Population-based incidence and comparative demographics of community-associated and healthcare-associated Escherichia coli bloodstream infection in Auckland, New Zealand, 2005-2011
Web of Science
AuthorWilliamson, DA; Lim, A; Wiles, S; Roberts, SA; Freeman, JT
Source TitleBMC Infectious Diseases
University of Melbourne Author/sWilliamson, Deborah
AffiliationMicrobiology and Immunology
Document TypeJournal Article
CitationsWilliamson, D. A., Lim, A., Wiles, S., Roberts, S. A. & Freeman, J. T. (2013). Population-based incidence and comparative demographics of community-associated and healthcare-associated Escherichia coli bloodstream infection in Auckland, New Zealand, 2005-2011. BMC INFECTIOUS DISEASES, 13 (1), https://doi.org/10.1186/1471-2334-13-385.
Access StatusOpen Access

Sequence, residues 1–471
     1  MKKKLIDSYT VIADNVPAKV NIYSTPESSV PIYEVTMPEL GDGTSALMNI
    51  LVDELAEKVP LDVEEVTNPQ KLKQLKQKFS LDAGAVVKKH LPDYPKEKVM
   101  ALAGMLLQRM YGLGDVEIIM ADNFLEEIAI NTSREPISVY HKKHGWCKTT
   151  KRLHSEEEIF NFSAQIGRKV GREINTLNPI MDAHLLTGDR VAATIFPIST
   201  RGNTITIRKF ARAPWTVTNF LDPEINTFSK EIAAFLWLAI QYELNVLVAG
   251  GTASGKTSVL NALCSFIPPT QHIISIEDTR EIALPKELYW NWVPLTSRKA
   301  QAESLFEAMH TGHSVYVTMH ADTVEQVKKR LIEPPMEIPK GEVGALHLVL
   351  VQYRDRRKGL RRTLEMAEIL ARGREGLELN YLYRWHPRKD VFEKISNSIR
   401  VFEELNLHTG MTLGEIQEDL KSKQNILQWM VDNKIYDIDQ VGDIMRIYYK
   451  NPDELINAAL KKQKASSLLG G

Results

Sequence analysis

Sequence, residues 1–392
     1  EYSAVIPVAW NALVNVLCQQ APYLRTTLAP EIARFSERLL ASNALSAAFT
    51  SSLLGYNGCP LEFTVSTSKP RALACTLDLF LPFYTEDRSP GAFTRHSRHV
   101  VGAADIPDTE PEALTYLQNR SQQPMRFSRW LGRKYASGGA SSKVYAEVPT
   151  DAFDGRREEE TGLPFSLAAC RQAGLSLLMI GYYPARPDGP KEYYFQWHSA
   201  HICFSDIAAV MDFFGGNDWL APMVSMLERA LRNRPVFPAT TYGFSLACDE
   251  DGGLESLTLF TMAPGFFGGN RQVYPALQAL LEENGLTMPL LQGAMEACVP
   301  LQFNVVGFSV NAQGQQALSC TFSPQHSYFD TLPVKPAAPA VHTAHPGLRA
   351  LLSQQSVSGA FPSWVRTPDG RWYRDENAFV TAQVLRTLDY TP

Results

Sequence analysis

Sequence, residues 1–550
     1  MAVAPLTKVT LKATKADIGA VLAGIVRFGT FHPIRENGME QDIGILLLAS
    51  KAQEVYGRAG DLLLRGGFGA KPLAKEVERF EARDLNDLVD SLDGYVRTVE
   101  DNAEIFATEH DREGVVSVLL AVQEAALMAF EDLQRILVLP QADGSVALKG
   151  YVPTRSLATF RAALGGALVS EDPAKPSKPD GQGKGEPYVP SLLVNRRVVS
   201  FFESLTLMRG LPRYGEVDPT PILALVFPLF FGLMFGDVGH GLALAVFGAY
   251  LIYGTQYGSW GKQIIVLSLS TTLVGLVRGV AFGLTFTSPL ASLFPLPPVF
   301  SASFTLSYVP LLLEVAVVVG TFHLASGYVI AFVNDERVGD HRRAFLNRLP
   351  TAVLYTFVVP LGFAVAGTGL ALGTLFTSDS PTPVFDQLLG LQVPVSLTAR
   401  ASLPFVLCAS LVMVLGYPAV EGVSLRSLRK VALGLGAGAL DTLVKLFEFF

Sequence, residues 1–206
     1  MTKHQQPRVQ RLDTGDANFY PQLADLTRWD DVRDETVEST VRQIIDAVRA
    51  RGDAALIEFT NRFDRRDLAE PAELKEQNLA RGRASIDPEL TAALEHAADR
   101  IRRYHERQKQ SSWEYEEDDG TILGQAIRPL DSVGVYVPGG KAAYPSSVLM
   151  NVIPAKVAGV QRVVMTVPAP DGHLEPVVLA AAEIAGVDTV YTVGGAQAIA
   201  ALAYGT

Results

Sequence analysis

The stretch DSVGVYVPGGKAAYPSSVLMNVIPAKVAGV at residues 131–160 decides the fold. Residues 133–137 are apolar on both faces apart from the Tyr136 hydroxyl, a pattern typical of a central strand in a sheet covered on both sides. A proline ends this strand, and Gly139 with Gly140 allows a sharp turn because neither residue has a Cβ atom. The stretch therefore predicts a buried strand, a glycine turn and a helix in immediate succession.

BACKGROUND: Escherichia coli is a major human pathogen, both in community and healthcare settings. To date however, relatively few studies have defined the population burden of E. coli bloodstream infections. Such information is important in informing strategies around treatment and prevention of these serious infections. Against this background, we performed a retrospective, population-based observational study of all cases of E. coli bacteremia in patients presenting to our hospital between January 2005 and December 2011. METHODS: Auckland District Health Board is a tertiary-level, university-affiliated institution serving a population of approximately 500,000, within a larger metropolitan population of 1.4 million. We identified all patients with an episode of bloodstream infection due to E. coli over the study period. A unique episode was defined as the first positive E. coli blood culture taken from the same patient within a thirty-day period. Standard definitions were used to classify episodes into community- or healthcare-associated E. coli bacteremia. Demographic information was obtained for all patients, including: age; gender; ethnicity; length of stay (days); requirement for intensive care admission and all-cause, in-patient mortality. RESULTS: A total of 1507 patients had a unique episode of E. coli bacteremia over the study period. The overall average annual incidence of E. coli bacteremia was 52 per 100,000 population, and was highest in the under one year and over 65-year age groups. When stratified by ethnicity, rates were highest in Pacific Peoples and Māori (83 and 62 per 100,000 population respectively). The incidence of community-onset E. coli bacteremia increased significantly over the study period. The overall in-hospital mortality rate was 9% (135/1507), and was significantly higher in patients who had a hospital-onset E. coli bacteremia. CONCLUSIONS: Our work provides valuable baseline data on the incidence of E. coli bacteremia in our locale. The incidence was higher that that described from other developed countries, with significant demographic variation, most notably in ethnic-specific incidence rates. Future work should assess the possible reasons for this disparity.
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